Do you miss the buzzing sound in your garden or the community park, do you feel the flowers have lesser bees sucking nectar now, if yes, then continue reading this article to know why the population of bees have declined?
Bees are flying insects and close relatives of ants and wasps. Bees are social insects and live in colonies. The beehive consists of a single queen, a few hundred drones, and thousands of worker bees and are some of the hardest working creatures on the planet.
Why Are Bees Important?
They play a vital role in the ecosystem and are an indicator of a healthy environment. But, for a few years, the population of bees and other pollinators are dwindling in abundance in many parts of the world.
There are diverse reasons as to why the population of bees is declining rapidly; this shrinking population poses a huge risk to agriculture and biodiversity because bees are one of the major pollinators of the Earth and are estimated to pollinate the majority of flowering plants around the world.
Bees are decisive to our existence and we must work harder to protect and preserve them.
The bees are the vital pollinators, they pollinate almost 80% of the world’s crops, fruits, and flowers. The process of pollination is the transfer of pollen to a stigma, ovule, flower, or plant to allow fertilization.
The bees pollinate when they visit a plant species to collect nectar, the pollen from stigma, the male reproductive part of flower, sticks and get trapped in bees hair and when the same bee lands on another plant, the pollen is rubbed off onto the stigma, the female reproductive part of the flower, resulting in fertilization.
The bees are important for pollination because they pollinate many crops and support the agriculture industries of many countries, and bees are the reason we have a variety of diet and nutrients on our plates. They account for a third of the $3 trillion worth of agricultural products sold each year.
The bees pollinate a variety of crops such as almonds, apples, cauliflowers, lettuce, onions, pumpkins, radishes, etc. They also pollinate alfalfa, clover, and lupins: which is fodder for cattle, hence support the dairy and meat industry too.
Wildlife habitats and biodiversity:
The bees build homes for many species and make biodiversity through the process of pollination.
The role of bees has helped in the growth of tropical forests, savannah woodlands, and temperate deciduous forests. The growth of forests has further helped in making an ecosystem that allows diverse species to co-exist.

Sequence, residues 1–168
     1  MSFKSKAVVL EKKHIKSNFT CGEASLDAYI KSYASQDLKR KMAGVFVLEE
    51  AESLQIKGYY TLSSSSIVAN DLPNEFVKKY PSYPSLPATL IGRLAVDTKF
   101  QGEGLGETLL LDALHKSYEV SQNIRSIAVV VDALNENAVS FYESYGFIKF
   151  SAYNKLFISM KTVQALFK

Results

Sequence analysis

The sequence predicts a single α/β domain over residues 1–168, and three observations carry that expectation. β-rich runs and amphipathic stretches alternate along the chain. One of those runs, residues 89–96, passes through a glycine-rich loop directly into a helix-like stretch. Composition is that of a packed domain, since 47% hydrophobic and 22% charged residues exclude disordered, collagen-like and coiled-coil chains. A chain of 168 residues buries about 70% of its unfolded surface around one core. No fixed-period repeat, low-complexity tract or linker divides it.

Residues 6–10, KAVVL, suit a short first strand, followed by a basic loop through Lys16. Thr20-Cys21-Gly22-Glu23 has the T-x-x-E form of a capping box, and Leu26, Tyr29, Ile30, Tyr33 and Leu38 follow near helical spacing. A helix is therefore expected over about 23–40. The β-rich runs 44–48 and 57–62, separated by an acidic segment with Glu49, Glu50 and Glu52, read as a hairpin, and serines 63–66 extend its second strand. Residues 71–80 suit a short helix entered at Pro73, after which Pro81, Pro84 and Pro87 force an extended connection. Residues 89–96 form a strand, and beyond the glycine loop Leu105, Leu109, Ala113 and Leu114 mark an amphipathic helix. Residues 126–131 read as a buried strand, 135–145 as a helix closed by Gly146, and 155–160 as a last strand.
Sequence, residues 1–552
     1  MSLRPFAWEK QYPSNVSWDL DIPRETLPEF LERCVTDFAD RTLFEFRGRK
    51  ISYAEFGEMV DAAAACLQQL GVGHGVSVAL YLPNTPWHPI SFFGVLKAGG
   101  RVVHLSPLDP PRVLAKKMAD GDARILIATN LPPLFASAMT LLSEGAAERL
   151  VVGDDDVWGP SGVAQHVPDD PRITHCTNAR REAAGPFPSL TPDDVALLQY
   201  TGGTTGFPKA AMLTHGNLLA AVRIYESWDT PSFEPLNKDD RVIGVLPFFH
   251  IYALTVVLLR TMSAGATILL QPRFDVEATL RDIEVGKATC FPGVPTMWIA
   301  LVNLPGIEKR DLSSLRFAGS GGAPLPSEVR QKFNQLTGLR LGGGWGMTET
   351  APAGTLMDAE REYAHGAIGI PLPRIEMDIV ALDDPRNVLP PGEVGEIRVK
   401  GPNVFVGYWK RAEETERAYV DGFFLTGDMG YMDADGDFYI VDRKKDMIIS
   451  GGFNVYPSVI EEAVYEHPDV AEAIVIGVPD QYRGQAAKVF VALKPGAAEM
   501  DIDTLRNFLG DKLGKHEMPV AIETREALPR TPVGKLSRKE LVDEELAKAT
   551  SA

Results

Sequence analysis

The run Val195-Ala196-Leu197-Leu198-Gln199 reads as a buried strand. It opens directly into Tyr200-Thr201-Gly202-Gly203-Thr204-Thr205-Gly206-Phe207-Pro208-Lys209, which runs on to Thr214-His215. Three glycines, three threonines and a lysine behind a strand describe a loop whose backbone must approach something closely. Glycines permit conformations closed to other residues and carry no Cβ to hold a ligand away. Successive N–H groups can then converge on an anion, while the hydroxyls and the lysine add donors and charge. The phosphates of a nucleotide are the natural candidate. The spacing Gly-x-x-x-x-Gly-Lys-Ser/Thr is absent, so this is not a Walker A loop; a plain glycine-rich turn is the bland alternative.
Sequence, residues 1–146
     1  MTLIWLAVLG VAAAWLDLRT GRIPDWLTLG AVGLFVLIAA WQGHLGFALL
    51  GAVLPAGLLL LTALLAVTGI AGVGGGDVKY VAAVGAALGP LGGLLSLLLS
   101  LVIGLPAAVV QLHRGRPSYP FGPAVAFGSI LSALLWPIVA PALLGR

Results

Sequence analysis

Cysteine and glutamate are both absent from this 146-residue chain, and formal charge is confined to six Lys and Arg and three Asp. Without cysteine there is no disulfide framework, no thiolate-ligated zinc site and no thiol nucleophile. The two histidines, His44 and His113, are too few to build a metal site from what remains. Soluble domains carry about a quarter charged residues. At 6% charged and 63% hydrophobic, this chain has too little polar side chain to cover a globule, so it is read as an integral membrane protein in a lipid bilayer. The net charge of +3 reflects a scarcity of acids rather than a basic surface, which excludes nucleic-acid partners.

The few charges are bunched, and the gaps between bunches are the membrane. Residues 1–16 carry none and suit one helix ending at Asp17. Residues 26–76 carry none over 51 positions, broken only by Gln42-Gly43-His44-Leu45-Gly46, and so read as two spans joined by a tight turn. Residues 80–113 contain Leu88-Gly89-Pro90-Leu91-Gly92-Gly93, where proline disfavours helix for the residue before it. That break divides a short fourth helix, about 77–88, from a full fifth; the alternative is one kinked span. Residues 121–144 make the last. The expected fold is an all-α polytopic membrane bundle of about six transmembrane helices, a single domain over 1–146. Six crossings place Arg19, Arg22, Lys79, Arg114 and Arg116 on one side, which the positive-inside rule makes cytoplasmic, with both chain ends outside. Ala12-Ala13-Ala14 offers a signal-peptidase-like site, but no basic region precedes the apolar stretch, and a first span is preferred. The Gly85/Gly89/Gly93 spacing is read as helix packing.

Honey, which bees produce to feed their colonies, is used by bees in the winter season and is also a great value to human beings and a few other insects. Since, prehistoric times honey has been used in meals, baking, and drinks, and are widely used for its medicinal value too.
Bees are also a part of the food chain; at least 24 species of bird, including the blackbird, ruby-throated hummingbird, and startling, prey on bees. Many spiders and insects, like dragonflies and praying mantises, eat bees as well.
Honey bees are very important for the survival of a healthy functioning ecosystem because they are the reasons, we have a diversification of food crops, which feed the billions of people in the world and play a massive role in building the economy of the country.
The bees also provide honey to humans and other insects and birds.
Finally, they help in the growth of wildlife habitats and biodiversity.
Why Are the Bees Dying?
It is the practice of producing a single crop in a given area. Monoculture is not natural hence is not healthy for the environment.
This practice of monoculture farming has negative impacts on the lives of bees because they don’t get the required nutrients from a single standing crop.
Similar types of crops adversely affect the health of bees because the source of nutrients shrinks and leads to a weak immune system in the bees.
Furthermore, pests find monoculture easy prey because they get an abundant identical food source to attack; the farmers use pesticides to protect their crops from pest attacks and these pesticides are very harmful to the bees.